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From the 18th to 19th November more than 200 representatives of civil society organisations based in
the countries of the European Union and the Eastern Partnership (Ukraine, Belarus, Moldova,
Azerbaijan, Armenia, Georgia) met in Berlin for the second “Eastern Partnership Civil Society Forum”.
The aim of the conference was to present to the plenum the results of the work of the working
groups and national platforms from the previous year, as well as to compose recommendations for
the future work of the forum.
The Eastern Partnership Civil Society Forum is a body which was established in May 2009 by the
European Union and which brings together representatives of organisations which operate
independent of government influence. The forum is able to contribute to the regular meetings of the
ministers of the Eastern Partnership States in Brussels with its recommendations in the fields of
democracy and human rights, economic integration, energy and the environment, and contact
between people. The fields as with which the Civil Society Forum works are designed to correspond
to the platforms of the ministerial meetings of the Eastern Partnership. In this way the Civil Society
Forum contributes to the governmental discussions conducted on several platforms.
The second meeting of the forum took place at the German Foreign Office in Berlin, after the first
meeting had been organised by the EU Commission in Brussels. In so doing, and by inviting the Polish
Foreign Minister to host next year’s forum in Poznan, the European member states are showing that
they too hold the work of civil society organisations in the same high esteem that the EU does and
that they wish to assume responsibility for the continuing success of this process.
Due to the relocation of the conference from Brussels to Berlin, it was also possible to conduct a
whole series of public events in connection with the Civil Society Forum. This gave the politically
interested public in Berlin the opportunity to familiarise itself with the civil and political
developments in the Eastern Partnership states and the work of the nongovernmental organisations
operating there. This opportunity was enthusiastically taken up by those Berlin actors who were not
members of the Civil Society Forum.
The discussions at the forum itself left a mixed impression: Whilst there were more than 200
committed and well-informed representatives of nongovernmental organisations from the six EaP
states and the EU present, the extremely schematic structure and leadership of the working groups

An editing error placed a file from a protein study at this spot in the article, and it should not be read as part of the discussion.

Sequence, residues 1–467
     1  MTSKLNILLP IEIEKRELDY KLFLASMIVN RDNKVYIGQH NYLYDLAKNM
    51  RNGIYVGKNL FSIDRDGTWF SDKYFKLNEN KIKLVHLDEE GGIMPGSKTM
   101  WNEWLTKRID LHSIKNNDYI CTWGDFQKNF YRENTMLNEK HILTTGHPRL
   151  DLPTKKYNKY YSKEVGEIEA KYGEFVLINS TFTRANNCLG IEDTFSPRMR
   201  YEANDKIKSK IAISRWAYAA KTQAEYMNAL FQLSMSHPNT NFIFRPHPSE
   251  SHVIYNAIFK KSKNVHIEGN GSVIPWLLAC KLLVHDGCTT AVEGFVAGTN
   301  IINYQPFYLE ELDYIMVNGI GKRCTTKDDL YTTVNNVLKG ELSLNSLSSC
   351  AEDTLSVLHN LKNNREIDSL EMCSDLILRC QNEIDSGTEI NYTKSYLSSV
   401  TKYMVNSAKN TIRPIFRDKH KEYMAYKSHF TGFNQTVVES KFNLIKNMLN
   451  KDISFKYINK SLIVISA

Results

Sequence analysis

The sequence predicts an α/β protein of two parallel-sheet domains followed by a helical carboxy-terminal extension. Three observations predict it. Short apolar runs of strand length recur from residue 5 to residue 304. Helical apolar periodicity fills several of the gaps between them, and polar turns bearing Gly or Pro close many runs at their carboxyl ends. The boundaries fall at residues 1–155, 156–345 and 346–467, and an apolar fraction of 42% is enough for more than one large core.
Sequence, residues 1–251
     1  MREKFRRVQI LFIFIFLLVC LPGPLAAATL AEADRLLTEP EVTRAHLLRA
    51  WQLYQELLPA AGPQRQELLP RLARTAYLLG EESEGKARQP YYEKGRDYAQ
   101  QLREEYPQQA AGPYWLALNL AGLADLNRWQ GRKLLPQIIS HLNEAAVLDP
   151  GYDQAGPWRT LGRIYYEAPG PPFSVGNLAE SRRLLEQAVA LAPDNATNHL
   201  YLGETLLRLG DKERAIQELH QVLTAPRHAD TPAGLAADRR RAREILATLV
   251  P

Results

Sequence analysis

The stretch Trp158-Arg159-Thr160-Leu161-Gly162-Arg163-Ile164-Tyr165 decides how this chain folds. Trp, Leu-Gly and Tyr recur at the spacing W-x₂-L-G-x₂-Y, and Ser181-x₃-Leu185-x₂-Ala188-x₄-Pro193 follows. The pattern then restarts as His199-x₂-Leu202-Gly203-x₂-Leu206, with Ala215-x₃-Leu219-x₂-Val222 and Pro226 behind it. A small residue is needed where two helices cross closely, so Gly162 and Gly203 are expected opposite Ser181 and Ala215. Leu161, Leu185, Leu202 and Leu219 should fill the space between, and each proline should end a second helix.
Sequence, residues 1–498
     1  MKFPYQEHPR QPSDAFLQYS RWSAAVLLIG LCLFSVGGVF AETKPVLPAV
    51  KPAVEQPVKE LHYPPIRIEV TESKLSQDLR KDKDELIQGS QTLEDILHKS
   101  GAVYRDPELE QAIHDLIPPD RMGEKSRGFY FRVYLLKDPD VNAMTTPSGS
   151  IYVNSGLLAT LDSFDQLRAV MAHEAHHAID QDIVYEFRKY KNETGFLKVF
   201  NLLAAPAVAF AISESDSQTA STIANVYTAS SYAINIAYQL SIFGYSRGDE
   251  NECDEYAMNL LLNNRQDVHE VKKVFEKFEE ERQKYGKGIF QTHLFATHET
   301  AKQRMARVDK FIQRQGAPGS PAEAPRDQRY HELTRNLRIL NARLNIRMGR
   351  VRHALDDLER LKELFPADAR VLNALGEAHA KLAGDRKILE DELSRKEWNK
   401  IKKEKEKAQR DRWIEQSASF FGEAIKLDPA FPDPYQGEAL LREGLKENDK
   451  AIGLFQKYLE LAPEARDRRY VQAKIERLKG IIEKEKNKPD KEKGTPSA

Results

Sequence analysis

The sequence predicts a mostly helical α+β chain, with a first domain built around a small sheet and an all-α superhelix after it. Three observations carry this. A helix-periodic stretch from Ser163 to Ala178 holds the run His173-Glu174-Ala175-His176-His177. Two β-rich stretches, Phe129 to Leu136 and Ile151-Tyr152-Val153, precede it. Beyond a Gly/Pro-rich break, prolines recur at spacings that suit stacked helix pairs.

and the plenary sessions provided very little scope for the development of common strategies or
even for discussions to take place. For this reason, the forum left the impression of a politically very
ambitious, but in the details of its execution somewhat aimless event. Thereby it fell short of the
highly-set expectations. On a positive note, the leader of the closing plenary discussion did address
the feeling of discontent amongst the participants with regard to the event’s lack of substance and
concrete ideas, calling upon all participants to offer their criticisms and suggestions for improving the
WORK OF THE Eastern Partnership Civil Society Forum. The members of the forum and particularly
the supervision team are now charged with the great responsibility to take up these suggestions and
to realise that the forum does not only have to meet the demands of organisation and protocol
expected of such a large international event, but also has to provide a platform for substantive
discussions dealing with issues which are currently of great importance.
Some of the KEY recommendations for the further development of the format are:
- The political dialogue between the representatives of state structures and those of the Civil
Society Forum at the Ministerial meeting in Brussels, which forms the central idea of the Civil
Society Forum, must take place in a more transparent manner. Ensuring that civil society
interests are represented equally is the core aim of the Civil Society Forum and EFFECTIVE
measures HAVE TO be taken in both Brussels and in the Eastern Partnership member states
to make sure that this is the case.
- The supervision team, consisting of 17 people, has achieved quite something in founding and
establishing the forum. It should be supported by a fulltime secretariat, which would be able
to deal with organisational questions and the necessary communication between the
members of the forum. In the long run it will not be possible to manage this politically
ambitious project on a voluntary basis without its quality suffering.
- The financial SUPPORT for the Eastern Partnership programme from the EU Commission, and
particularly for the work of civil society actors, has to be increased substantially so that the
EU’s political decision of the willingness to assume responsibility for this region gains
credibility. This would mean that the political declaration WILL be followed by concrete steps
which are visible to the CIVIL societies of the EU and EaP states.
- Less technically demanding and far more relevant and up-to-date information about the
events of the various formats of the Civil Society Forum and about the work of the
supervision team are essential for informing the participants about the work of the forum,
for bringing in new participants, for enabling participant organisations to offer criticism and
proposals concerning the forum, and finally for contributing to the improved visibility of the
Civil Society Forum in the societies of the EU and the EaP states.
- A format closer to that of an open space conference should be considered for the large
yearly events, in order to make free exchange of ideas and creative work between the
participant organisations possible.
7th December 2010
Dr. Hans-Georg Wieck